Feliz Navidad! Feliz Navidad!” Specialist Hester belted out the lyrics to the Christmas song as he and fellow soldiers sat waiting for their mission to start. It was a sunny November morning as soldiers with the 1-24 Infantry Battalion’s Alpha Company waited for a mission outside the wire to a town near Qayyarah West Airfield, the Iraqi base they operate out of that most American troops know simply as “Q-West.”
“I want to wish you a Merry Christmas!” Hester continued, but a fellow soldier — Specialist Gomez — interrupted him. “It’s ‘weesh’ man, I want to ‘WEESH’ you a Merry Christmas,” he said as he jokingly emphasized the accent.
“We haven’t even had Thanksgiving, I hate this,” Private First Class Duke, another soldier sitting a few feet away, chimed in.
“I could listen to Christmas music all year — do you just hate happiness?” Specialist Knesek replied.
“You’ve never worked retail, have you?” Duke shot back.
The soldiers’ mission that day was to provide security for their company commander, Captain Colin Grant, as he conducted a Key Leadership Engagement (KLE) with Sheik Hussein, an important Sunni tribal leader who lives in a village just outside of the base. Meanwhile, engineer officer First Lieutenant Caitlin LaNeve and a medical officer (who requested not to be named) conducted an assessment of the town’s health and infrastructure.
Alpha Company was more broadly responsible for the security of the American compound at Q-West that housed the 2-8 Artillery Battalion. They provided perimeter security, acted as the quick reaction force in case of attack, and were one of the few conventional units on base that conducted operations “outside the wire.”
The soldiers continued singing and joking as they awaited orders. While spirits were high, several of them were nervous. Just over a week before, Khatib Hezbollah, an Iranian-backed Shia militia faction of the Iraqi Popular Mobilization Forces (PMF), struck Q-West with rockets. Tensions between Iranian-backed PMF factions and U.S. troops — technically allies in the fight against ISIS — were escalating.
The escalation would continue, giving U.S. troops what proved to be a tumultuous Christmas and New Year in Iraq that included more rocket attacks, a militia-led storming of the U.S. embassy, the American-targeted killing of Iranian general Qassem Soleimani and deputy PMF commander Abu Mahdi al-Muhandis, and an Iranian ballistic missile attack on Al Assad Air Base that has resulted in what the Department of Defense now estimates to be around 100 traumatic brain injuries.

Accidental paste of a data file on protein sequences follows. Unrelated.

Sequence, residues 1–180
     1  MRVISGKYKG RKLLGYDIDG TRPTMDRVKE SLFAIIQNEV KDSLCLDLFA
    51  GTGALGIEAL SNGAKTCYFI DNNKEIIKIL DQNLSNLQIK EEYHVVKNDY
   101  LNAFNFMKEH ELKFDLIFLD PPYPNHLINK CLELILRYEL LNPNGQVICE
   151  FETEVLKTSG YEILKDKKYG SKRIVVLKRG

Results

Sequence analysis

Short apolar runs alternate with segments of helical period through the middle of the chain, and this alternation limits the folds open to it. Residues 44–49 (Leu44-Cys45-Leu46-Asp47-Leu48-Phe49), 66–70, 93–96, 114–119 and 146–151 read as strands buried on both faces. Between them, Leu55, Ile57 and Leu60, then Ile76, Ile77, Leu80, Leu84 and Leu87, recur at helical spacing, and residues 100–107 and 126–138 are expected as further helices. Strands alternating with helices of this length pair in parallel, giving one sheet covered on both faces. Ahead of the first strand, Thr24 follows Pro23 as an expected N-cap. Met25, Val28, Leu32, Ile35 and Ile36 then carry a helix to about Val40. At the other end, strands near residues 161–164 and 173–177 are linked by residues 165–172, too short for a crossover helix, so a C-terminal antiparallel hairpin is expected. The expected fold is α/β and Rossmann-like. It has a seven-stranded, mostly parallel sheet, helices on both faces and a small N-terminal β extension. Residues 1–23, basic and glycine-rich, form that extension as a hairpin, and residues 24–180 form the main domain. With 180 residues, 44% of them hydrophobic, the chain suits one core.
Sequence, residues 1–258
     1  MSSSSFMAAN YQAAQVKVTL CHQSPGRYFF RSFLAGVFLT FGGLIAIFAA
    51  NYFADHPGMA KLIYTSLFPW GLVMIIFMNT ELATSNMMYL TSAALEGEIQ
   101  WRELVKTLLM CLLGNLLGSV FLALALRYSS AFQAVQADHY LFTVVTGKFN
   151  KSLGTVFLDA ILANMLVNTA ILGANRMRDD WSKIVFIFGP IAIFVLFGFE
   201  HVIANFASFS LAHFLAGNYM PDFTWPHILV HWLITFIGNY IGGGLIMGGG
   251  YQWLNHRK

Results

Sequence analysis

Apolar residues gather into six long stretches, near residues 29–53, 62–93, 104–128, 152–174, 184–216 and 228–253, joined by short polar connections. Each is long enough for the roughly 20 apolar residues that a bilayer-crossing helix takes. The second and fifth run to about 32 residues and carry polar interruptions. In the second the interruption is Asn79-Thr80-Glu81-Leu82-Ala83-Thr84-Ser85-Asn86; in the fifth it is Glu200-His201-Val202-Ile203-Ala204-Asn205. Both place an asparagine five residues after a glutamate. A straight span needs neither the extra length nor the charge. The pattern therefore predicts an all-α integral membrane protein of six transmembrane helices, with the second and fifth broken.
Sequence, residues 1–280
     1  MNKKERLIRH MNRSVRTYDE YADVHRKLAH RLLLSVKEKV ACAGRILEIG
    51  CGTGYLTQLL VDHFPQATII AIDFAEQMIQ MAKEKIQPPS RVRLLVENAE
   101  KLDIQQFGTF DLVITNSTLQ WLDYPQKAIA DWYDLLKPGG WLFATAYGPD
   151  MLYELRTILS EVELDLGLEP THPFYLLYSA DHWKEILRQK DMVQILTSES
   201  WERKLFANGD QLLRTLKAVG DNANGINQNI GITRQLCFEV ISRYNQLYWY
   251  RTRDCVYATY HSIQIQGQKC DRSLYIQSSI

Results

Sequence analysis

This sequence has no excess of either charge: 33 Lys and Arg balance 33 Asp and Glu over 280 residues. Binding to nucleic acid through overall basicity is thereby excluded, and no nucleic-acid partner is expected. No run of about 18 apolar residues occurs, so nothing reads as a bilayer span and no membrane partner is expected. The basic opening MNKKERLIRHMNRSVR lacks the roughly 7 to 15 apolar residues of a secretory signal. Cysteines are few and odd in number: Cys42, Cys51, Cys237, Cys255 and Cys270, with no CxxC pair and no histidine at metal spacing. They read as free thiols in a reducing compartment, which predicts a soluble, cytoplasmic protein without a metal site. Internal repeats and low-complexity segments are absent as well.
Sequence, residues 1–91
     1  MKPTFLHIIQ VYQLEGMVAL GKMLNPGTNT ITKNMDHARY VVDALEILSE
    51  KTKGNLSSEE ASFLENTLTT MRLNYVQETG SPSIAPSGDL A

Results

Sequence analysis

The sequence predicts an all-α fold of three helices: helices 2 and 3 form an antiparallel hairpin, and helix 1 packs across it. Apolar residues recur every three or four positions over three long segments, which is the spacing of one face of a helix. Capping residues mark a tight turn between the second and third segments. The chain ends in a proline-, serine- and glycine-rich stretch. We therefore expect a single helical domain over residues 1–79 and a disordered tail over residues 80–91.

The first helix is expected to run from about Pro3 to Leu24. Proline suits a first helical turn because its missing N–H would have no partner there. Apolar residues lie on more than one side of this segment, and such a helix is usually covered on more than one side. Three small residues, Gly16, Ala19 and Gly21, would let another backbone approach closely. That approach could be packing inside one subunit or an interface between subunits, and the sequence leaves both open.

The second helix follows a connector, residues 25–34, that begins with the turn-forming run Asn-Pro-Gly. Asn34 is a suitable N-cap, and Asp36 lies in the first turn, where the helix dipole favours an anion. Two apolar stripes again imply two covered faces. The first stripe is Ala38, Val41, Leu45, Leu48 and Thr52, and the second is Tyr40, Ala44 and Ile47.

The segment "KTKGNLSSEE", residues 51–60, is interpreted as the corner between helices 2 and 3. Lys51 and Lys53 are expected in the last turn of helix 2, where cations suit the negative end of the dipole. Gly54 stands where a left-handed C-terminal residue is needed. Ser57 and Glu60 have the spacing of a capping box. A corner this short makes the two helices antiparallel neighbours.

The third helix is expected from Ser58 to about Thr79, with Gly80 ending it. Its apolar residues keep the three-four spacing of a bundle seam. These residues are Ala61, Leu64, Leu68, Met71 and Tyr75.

Much has changed on the ground since then. After killing Soleimani and al-Muhandis, Coalition forces largely suspended anti-ISIS operations to focus on defend positions. Though some operations have resumed, tensions remain high and sporadic militia rocket attacks are ongoing. ISIS militants have been actively regrouping in Iraq’s northwestern regions, and despite the group losing its physical territory, they remain stubbornly resilient.
Fierce anti-government protests rage in the south as Iraqis express frustration with corruption and economic stagnation — and demand reforms. Meanwhile, Iraqi forces continue fighting ISIS, most recently launching an operation along the Iraqi-Syrian border without the help of either the Coaliton or the PMF.
Coffee or Die embedded with U.S. forces last year as tensions began mounting, getting an up-close look at the situation on the ground as U.S. troops tried to adapt to rapidly changing conditions — from shifting political realities, rapid redeployments, and emerging threats.
One old man in the village has eight wives and 60 kids,” Sheik Hussein told Grant as they sipped tea in a tent on the American compound at Q-West. Hussein was visiting the base to talk to the company commander before Grant’s troops visited his village. It’s not their first meeting, and Hussein has visited the base many times. “Nas,” an Iraqi-American linguist, translates. Nas has worked at the base for some time and has a long relationship with Hussein.
“I only have one wife, and she’s a handful for me,” Grant responded. He continued that his own father used to joke that he’d had two children so that they would do all the housework. Hussein laughed. “I mean, we can get you a wife,” he told the infantryman. Grant blushed slightly and responded, “I think one right now is more than enough for me. I’m not as good as you guys, I can’t handle more than one wife.”